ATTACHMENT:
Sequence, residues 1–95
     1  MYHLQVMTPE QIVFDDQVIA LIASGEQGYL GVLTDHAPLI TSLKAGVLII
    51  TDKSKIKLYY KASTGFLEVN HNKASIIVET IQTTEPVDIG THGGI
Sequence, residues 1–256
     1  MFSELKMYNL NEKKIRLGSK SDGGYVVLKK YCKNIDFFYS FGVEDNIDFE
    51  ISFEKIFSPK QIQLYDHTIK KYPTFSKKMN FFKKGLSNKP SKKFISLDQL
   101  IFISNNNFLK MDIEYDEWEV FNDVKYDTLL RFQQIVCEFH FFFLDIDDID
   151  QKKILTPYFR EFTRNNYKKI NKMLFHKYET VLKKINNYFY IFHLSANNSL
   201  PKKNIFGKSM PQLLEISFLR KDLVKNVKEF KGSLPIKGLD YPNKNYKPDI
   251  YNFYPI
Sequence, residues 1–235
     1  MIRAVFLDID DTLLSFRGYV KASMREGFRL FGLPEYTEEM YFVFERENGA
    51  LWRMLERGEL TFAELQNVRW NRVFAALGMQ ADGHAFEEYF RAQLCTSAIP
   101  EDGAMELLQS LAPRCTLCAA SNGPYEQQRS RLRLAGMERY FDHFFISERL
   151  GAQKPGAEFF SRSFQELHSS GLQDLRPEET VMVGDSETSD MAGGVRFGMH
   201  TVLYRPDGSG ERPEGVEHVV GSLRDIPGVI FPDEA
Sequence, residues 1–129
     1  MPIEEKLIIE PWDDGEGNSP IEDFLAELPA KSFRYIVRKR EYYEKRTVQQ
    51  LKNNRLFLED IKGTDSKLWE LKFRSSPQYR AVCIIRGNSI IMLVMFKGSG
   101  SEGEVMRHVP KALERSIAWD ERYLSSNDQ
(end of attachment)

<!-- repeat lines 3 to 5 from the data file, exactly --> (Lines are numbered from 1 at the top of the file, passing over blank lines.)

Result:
    51  TDKSKIKLYY KASTGFLEVN HNKASIIVET IQTTEPVDIG THGGI
Sequence, residues 1–256
     1  MFSELKMYNL NEKKIRLGSK SDGGYVVLKK YCKNIDFFYS FGVEDNIDFE